Fortunately the port wine made up for what the food lacked. I can see why Porto is famous for its port wine and actually has a wine-making industry. The wine was lovely!
There is not a great deal to see in Porto, but it is a charming little city where the new exists alongside the old and the refurbished is interspersed with the dilapidated. One interesting feature is that some building façades are partially tiled with bright, colourful tiles. I can’t recall seeing this anywhere else in Europe. The architecture is otherwise quite homogeneous with other parts of Europe – a mix of neoclassical, baroque and modern styles. The Riviera overlooking the mouth of Douro river was the highlight of Porto. It is classed as a UNESCO World Heritage Site as it has a rich 2,000 year history.
Porto is a nice place to shop! Bubbles heard about Norte shopping centre being one of the biggest shopping malls in Porto, and so we went there since it was only a Metro ride away. Well, you know how each mall that comes along in the UK or Europe claims to be the biggest in UK or Europe but is nothing compared to Mid Valley in KL? This was like 10% of Mid Valley! The shops were not bad but the same shops were along St Catarina, so I wouldn’t recommend going all the way there.
Some websites and brochures on Porto say the locals are nice and friendly. What they failed to mention is that they are also hot! 🙂 Bubbles thought the chicks were one of the best looking he had seen in Europe. Me, I still like the chicks in Paris – elegantly dressed, understated beauties. But the men in Porto…*whistle*! They were hot! Well buffed up! I wish I had taken some photos, but we were sat quite close to some of them in the cafes so I couldn’t possibly have taken shots without getting caught in action! So, you’ll have to take my word for it until you see them for yourselves, ladies. (and some men!)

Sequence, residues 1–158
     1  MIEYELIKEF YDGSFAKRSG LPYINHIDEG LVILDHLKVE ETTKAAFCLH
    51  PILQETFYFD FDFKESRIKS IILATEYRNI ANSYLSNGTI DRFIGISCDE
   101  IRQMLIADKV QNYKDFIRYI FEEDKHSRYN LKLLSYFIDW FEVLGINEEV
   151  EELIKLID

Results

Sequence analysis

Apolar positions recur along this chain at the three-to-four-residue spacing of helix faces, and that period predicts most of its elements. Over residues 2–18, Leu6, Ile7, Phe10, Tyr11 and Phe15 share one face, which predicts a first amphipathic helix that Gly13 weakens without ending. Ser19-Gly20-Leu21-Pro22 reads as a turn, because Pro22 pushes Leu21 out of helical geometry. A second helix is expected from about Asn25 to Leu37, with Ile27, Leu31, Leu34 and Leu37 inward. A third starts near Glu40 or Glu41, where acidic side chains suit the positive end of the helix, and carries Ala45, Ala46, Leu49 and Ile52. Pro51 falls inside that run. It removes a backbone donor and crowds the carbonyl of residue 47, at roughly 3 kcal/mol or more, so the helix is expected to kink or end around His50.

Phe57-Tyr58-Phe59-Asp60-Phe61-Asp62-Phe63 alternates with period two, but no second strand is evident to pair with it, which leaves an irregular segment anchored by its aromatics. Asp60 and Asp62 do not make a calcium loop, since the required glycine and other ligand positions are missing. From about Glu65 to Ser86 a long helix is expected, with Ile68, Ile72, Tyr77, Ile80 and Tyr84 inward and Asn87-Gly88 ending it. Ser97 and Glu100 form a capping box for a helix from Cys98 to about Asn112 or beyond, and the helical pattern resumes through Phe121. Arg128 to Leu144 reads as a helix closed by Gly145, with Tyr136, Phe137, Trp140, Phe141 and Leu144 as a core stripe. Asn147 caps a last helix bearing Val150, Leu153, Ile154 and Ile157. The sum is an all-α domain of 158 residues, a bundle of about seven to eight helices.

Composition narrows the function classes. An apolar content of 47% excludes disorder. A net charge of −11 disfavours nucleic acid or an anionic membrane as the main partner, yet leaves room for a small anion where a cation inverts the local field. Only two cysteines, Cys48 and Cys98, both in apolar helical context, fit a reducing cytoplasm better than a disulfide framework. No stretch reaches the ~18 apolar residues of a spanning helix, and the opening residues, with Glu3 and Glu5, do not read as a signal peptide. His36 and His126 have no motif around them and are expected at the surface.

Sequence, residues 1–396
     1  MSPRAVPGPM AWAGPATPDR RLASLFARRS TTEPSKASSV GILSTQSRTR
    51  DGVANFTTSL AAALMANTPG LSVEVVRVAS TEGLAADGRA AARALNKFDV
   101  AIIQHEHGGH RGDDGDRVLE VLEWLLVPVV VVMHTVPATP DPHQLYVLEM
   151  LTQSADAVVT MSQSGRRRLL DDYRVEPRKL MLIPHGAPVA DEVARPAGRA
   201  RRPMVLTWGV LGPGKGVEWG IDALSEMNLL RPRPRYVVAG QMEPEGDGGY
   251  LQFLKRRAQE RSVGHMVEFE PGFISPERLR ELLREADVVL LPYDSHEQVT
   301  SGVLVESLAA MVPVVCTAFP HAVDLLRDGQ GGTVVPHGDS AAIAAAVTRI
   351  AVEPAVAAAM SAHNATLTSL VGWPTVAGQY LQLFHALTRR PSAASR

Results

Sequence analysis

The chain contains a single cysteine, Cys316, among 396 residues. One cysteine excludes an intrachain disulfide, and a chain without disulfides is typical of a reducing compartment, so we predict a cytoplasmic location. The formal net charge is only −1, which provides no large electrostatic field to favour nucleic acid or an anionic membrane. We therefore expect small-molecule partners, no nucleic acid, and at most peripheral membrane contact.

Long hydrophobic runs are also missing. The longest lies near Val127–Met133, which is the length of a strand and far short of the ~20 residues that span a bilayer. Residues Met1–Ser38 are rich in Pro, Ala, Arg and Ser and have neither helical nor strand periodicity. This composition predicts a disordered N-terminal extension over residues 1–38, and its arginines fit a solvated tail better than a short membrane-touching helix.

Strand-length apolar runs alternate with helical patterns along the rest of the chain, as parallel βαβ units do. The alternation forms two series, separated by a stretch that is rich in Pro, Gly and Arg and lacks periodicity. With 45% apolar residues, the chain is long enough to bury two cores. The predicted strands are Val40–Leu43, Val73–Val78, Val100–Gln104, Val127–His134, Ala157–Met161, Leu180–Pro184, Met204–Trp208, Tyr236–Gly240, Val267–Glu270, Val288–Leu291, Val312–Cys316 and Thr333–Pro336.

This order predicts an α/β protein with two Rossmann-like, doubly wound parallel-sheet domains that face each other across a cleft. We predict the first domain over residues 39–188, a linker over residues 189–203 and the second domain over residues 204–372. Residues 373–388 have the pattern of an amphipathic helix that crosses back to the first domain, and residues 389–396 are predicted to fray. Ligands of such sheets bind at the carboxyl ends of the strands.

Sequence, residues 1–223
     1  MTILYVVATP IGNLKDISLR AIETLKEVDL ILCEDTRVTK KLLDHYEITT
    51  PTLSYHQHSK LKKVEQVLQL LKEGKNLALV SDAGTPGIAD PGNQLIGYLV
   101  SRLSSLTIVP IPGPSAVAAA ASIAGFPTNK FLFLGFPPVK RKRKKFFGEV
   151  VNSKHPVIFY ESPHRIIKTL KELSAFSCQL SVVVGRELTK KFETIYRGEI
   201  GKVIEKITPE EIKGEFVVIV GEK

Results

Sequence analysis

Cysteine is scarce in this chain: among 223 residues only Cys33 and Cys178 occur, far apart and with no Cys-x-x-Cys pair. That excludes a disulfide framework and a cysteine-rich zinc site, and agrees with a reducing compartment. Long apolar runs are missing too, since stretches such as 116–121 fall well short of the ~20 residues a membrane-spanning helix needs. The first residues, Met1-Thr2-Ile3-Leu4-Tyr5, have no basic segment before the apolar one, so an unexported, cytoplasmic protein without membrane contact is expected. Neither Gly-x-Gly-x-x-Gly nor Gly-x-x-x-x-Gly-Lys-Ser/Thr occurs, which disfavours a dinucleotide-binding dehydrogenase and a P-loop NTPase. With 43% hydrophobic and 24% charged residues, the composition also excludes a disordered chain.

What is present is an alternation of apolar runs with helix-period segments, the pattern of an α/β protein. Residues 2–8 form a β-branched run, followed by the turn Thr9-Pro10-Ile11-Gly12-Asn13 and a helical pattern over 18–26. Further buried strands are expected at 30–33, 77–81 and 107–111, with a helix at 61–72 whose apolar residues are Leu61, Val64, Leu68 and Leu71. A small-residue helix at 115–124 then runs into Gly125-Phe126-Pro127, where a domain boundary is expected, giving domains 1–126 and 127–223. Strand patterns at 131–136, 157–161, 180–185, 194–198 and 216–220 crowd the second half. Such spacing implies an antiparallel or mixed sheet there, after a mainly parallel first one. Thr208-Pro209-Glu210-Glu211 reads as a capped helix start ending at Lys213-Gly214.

So, how would I sum up Porto? Great weather, good sights (landscape and lads), but lousy food! I’d say Porto is a bit like Venice, in the sense that there aren’t many specific tourist sites to see. The best way to see it is to just wander around, explore it in your own time and you are bound to find hidden gems tucked away in a corner you least expect.
Note: I still haven’t worked out the best way to display my photos on WordPress, so please head to my flickr account (click on flickr) for more photos of Porto. Thanks for viewing them.
On my recent trip to Malaysia, my husband and I went to Pangkor Island, which is a small island in the north west coast of Malaysia. The island is about 300km to the north of Kuala Lumpur and requires a drive or bus ride to Sitiawan, followed by a ferry crossover to get to the island. Its slight remoteness makes it a less popular tourist destination compared to other islands in Malaysia, such as Penang and Langkawi. But on the plus side, this means that the island is not overpopulated with tourists, which makes your whole holiday experience a bit more exclusive.